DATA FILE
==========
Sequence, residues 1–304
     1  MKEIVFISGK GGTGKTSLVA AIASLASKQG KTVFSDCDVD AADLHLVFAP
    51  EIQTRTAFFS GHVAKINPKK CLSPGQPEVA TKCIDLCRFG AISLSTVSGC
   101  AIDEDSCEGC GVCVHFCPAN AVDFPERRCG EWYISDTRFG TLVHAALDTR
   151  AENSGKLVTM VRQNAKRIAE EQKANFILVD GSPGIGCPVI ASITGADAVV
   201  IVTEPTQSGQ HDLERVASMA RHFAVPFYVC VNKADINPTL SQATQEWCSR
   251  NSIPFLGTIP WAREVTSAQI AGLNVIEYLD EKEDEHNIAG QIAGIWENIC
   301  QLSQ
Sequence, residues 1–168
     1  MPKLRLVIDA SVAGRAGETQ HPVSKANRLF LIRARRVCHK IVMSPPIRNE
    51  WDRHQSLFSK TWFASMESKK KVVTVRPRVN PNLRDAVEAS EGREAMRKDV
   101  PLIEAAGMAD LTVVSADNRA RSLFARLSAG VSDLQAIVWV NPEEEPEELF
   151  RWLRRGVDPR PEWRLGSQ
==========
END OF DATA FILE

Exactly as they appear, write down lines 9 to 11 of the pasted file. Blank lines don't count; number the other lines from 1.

Sequence, residues 1–168
     1  MPKLRLVIDA SVAGRAGETQ HPVSKANRLF LIRARRVCHK IVMSPPIRNE
    51  WDRHQSLFSK TWFASMESKK KVVTVRPRVN PNLRDAVEAS EGREAMRKDV